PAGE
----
Does The Clocks Going Forward Affect The Pill? Here's What You Need To Know

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You may already not be looking forward to losing an hour's sleep on Saturday night, but have you stopped to think about the other effects of daylight saving time? If you take daily medication such as the contraceptive pill, you may be wondering if you need to slightly alter your schedule. So does the clocks going forward affect the pill?

On March 31 at precisely 1 a.m., the clocks will go forward an hour. Yes, you'll get an extra hour of sunlight, but you'll also be sleeping for an hour less. (Thankfully, it'll only affect your Sunday morning so you won't have to worry about being late for work.) You're probably going to be a little more tired than usual, so figuring out if you need to change the time you take your pill beforehand will leave you stress-free.

Luckily, you don't have to panic. Although it's important that you take the pill at roughly the same time every day, an hour really shouldn't make any difference. As Dr. Hedieh Asadi told Elite Daily: “The one hour time difference from daylight saving time will not have any effect.” Planned Parenthood also backed up this point, writing: "While it’s better to take your birth control pills at the same time every day, daylight savings doesn’t present a problem. (Otherwise we’d see a spike in unintended pregnancies at the same times every year!)"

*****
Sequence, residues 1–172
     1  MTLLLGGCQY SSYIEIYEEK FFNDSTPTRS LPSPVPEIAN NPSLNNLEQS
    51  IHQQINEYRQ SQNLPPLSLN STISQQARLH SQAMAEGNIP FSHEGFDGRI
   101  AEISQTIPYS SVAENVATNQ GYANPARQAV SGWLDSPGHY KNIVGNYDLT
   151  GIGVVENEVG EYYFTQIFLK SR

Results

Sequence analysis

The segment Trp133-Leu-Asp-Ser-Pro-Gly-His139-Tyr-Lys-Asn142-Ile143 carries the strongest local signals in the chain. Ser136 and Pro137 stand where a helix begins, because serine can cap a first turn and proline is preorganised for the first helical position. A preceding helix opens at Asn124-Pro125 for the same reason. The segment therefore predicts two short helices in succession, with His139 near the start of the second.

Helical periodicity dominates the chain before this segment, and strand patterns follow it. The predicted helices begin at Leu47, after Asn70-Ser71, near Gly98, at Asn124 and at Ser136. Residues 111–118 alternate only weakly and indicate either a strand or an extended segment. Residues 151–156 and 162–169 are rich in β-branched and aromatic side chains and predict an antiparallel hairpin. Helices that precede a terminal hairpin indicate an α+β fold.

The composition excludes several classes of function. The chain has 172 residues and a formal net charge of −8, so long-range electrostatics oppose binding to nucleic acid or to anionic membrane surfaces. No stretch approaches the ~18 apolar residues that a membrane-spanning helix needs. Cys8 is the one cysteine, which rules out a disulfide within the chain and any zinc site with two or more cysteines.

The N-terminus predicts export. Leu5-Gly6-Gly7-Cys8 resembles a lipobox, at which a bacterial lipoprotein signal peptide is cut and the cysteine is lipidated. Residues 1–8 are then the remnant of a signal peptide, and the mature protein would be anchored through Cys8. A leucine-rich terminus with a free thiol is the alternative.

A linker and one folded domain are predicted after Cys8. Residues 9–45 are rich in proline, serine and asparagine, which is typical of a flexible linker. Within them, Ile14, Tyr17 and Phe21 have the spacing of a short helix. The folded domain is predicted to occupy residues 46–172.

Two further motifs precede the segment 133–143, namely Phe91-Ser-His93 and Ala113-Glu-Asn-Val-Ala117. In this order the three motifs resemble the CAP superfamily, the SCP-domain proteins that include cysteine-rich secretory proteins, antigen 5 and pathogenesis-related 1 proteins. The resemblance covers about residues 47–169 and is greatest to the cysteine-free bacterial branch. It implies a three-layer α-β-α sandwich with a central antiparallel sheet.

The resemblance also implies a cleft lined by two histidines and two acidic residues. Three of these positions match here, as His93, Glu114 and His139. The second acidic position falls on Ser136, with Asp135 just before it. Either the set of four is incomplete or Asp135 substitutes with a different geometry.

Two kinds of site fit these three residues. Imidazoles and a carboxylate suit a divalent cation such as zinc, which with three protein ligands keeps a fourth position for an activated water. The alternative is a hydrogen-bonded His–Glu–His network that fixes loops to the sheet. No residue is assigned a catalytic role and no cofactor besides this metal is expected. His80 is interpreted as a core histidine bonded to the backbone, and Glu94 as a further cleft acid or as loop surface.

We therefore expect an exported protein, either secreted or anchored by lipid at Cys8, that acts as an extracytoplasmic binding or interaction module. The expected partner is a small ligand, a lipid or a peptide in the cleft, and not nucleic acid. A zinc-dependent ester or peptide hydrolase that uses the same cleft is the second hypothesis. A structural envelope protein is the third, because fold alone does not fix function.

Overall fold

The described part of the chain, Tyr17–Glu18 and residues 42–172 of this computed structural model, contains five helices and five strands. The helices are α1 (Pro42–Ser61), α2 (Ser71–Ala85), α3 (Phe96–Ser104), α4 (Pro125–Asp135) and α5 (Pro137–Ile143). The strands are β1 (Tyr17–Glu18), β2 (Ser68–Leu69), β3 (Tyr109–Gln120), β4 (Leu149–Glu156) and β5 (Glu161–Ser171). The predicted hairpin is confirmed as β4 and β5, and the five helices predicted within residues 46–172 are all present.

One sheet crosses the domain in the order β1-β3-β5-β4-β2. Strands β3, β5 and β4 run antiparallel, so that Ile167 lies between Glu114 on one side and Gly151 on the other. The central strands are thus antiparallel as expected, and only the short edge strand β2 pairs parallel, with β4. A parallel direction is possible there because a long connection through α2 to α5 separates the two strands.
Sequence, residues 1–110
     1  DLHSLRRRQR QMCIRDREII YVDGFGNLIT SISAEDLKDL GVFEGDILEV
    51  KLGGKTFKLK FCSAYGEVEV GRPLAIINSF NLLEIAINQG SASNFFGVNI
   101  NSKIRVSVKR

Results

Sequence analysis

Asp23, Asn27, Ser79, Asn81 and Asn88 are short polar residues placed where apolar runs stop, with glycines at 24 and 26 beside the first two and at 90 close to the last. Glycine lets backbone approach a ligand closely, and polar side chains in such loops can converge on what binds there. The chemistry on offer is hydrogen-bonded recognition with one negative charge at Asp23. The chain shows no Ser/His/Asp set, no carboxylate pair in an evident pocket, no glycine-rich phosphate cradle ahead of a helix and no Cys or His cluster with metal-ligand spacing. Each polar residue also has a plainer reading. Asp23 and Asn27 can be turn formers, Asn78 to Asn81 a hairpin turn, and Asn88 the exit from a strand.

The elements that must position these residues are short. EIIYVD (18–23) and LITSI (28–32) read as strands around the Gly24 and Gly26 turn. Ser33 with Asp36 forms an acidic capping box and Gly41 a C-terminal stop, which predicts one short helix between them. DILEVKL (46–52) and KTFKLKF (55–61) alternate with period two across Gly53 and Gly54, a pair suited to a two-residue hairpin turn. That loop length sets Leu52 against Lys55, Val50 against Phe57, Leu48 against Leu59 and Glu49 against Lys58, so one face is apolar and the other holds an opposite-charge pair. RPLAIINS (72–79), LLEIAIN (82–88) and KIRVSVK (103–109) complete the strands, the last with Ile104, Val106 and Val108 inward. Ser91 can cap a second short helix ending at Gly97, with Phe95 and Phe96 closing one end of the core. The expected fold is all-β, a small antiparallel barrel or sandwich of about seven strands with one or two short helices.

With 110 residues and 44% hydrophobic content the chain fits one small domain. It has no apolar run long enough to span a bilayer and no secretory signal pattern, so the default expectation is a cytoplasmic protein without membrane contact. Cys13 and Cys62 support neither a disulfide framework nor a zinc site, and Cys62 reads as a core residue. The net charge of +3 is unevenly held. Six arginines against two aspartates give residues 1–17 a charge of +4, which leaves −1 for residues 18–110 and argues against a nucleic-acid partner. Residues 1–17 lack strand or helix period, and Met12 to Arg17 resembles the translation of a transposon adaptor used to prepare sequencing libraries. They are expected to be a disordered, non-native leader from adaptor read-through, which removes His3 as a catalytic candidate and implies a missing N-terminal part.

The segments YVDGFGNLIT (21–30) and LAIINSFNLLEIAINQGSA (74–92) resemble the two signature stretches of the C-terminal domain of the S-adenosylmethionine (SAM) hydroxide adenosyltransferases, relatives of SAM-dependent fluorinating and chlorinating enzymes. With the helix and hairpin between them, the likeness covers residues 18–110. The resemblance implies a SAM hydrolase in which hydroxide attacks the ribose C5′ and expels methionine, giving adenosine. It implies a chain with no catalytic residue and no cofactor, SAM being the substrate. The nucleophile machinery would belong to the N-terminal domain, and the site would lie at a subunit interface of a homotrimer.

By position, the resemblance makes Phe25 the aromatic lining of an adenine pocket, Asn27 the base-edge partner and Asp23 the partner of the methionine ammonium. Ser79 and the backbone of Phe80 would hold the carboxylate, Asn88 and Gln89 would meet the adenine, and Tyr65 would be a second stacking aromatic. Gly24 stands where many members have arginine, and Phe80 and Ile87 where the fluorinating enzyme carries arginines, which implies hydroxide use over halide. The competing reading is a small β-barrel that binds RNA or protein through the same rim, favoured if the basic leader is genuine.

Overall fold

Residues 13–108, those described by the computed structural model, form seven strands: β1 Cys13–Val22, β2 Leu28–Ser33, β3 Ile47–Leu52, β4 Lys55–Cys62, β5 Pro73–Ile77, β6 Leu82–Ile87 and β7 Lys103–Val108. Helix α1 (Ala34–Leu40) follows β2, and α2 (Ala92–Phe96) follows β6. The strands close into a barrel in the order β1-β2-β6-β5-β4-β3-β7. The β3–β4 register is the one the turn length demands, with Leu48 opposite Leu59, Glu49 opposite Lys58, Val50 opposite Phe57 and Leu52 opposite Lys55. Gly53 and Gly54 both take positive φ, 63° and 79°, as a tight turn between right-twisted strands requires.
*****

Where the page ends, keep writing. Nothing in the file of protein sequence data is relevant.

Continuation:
If you normally take your pill at 10 a.m., do the same come Sunday. But if you're a super cautious person, you can ensure you take it at the exact same time by pushing back an hour. So in the previous example, you'd take it at 11 a.m.

Forgetting to take the pill for a considerable amount of time, however, could have an impact. Generally, a dose of the combined pill (Microgynon, Yasmin, Cilest etc.) is only classed as missed if it's been longer than 24 hours, states the NHS. This is because its artificial oestrogen and progesterone content prevents ovulation.

The progestogen-only pill — or mini pill — is drastically different. As the NHS explains, it simply thickens cervical mucus to stop sperm reaching an egg. With traditional mini pills including Micronor, Norgeston, and Noriday, you will still be protected against pregnancy if you are less than three hours late. A desogestrel mini pill like Cerazette or Cerelle can also stop ovulation, therefore increasing this window to 12 hours.

If you miss a pill, the NHS advises taking one as soon as you remember and using an additional form of contraception such as condoms for the next 48 hours. For those who are still unsure, a doctor or nurse will always be happy to answer any contraceptive questions (whether timing-related or not). Alternatively, visit a sexual health clinic or your local pharmacy.

So there you have it. All you have to worry about this weekend is being late to meet your mum for her Mother's Day breakfast, brunch, or lunch. Right, best get setting those multiple alarms.